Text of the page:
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Thread: Danville's 70 Denier Flymaster 6/0 Waxed

  1. #1

    Arrow Danville's 70 Denier Flymaster 6/0 Waxed

    Shortly after I started furling my own thread leaders just over seven years ago, I pretty much settled on Danville 210 Flymaster Plus for my all around leader for fishing dry flies with line weights 3-5. I've experimented with several other materials - mono, fluoro, Uni - but always came back to the Danville 210 with a strong preference.

    Last week, I got out the 3 wt that I hadn't fished in quite a while. On it was a Uni leader that Joni gave me several years ago. I fished with that leader a couple days last week and really liked the way it presented / turned over the fly and thought the drift was just dandy. I liked that it had a slimmer, lighter profile than the leaders I've been using. But it seemed to me that the Uni leader wanted to sink the dry flies I fished with it, drag them under, after a fairly short drift, at least compared to the drift I get with the Danville leaders I've been using.

    That went along with my recollection of prior experiences with Uni leaders - that they don't just submerge, but they sink and want to sink a dry fly. That probably is of no concern for people who treat their leaders with something to keep them floating, but since I like to fish with the leader submerged, it is a major problem for me.

    Back to Danville. This time to Danville's 70 Denier Flymaster 6/0 Waxed.



    I decided to use the same proportions that I use on the Danville 210 leaders - 40% butt section, 30% mid section, and 30% tip section. But I upped the configuration from a 10-8-6 to a 16-14-12 by adding three strands per side before starting the 10-8-6 layout. Not something I've tried before, but it seemed like it should work. As usual, I incorporated a tip ring before starting the twisting / furling.

    With the much lighter thread, even with quite a few more strands, it took about 10% more twists to develop what looked like an appropriate twist and account for the usual reduction of about 18%. It took a similiar increase in the number of countertwists for the power furling.

    Off to the creek ...



    ... with the 3 wt and a fresh Duck's Green Drake, which is an extended body fly tied on a size 14 2X short dry fly hook but is pretty much a size 10 fly in conventional hook size terms. Basically a parachute style fly with a few of my own twists. Fished it off about 4' of 4X tippet. The fly properly displayed ...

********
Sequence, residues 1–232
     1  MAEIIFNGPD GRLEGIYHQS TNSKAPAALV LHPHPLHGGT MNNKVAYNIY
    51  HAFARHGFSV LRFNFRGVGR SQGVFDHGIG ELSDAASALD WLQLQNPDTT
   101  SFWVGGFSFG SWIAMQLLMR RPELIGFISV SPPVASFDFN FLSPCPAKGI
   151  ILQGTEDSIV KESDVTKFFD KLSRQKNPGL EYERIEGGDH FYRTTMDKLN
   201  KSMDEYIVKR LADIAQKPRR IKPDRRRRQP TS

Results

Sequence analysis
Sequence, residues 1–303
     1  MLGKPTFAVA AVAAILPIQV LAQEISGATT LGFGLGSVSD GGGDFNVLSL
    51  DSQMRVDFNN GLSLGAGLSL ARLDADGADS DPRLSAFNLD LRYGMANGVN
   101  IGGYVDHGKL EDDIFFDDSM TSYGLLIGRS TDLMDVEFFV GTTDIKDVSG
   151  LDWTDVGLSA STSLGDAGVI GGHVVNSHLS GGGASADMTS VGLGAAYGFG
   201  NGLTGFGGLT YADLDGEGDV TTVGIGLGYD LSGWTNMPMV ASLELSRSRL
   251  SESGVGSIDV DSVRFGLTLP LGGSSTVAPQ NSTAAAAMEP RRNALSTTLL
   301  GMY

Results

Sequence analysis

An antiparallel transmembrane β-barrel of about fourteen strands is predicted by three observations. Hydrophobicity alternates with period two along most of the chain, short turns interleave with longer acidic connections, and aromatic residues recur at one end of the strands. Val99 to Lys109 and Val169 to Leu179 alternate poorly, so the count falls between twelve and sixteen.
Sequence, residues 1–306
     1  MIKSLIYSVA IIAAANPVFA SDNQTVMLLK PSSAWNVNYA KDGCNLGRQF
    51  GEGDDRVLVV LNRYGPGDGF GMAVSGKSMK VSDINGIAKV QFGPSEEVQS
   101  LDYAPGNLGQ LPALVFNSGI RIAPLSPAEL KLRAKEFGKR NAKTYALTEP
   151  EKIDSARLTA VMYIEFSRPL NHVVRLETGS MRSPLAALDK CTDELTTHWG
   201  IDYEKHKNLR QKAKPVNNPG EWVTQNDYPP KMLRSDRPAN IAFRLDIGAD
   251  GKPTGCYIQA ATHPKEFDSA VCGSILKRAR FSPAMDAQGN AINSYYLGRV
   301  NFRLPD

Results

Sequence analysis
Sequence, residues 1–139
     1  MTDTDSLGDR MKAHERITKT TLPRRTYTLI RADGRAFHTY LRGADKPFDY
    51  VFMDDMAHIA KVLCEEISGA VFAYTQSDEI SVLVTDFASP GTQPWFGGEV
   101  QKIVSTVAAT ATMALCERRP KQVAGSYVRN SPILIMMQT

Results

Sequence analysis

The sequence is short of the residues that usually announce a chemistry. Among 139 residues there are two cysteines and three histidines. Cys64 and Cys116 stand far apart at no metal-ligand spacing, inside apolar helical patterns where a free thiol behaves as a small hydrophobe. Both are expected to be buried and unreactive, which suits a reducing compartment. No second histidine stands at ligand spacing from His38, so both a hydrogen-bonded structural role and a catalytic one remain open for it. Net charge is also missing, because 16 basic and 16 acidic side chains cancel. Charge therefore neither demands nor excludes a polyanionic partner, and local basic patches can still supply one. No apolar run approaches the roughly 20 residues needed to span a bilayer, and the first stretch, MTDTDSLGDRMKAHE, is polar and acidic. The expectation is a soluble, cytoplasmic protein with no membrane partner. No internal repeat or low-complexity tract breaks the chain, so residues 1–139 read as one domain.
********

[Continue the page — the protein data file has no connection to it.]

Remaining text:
... and with another fishy just to be sure it wasn't a fluke ...



    Got lucky on the configuration. It has pretty much the profile of the Uni leader Joni gave me and presents / turns over the fly almost as nicely, and does it better with more line out. It is a bit more supple which improves the drift. But more importantly, for me, while the leader submerges, as expected, it does not sink the fly even over a long drift. And it handled all the casts I've developed over the years as well as the Danville 210 and the Uni do.

    I fished a couple other flies for the field test. An FEB ClackaCaddis dry about the same size as the drake and an FEB Hopper, which is a much larger, heavier, wind resistant fly. The hopper was fishable with the new leader, but it was a bit much. Did catch a couple fishies with it. But for that big a fly a beefier leader would be preferable. Thinking a 20-16-12 configuration, or something in that range might do the trick for the bigger flies.

    Anyway, since this turned out to be a successful experiment with a thread that has some advantages over Uni, depending on your priorities, I decided to report the field test.

    John
    The fish are always right.

  2. #2

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    John,
    "Thinking a 20-16-12 configuration, or something in that range might do the trick for the bigger flies."

    Why use all that material...when going to another category of fly...there must be a very suitable material that doesn't need all those loops?

  3. #3

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    Do I hear that....I love projects!

  4. #4
    Join Date
    Aug 2004
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    John

    You got to love an experiment that has results like that. If you would like to try another, I have some of the thread that Frank speaks of. If you would like to try some, shoot me a PM with a snail mail address and I will get a spool or two in the mail.

    Brad
    "A woman drove me to drink and I didn't even have the decency to thank her."
    -W.C. Fields

  5. #5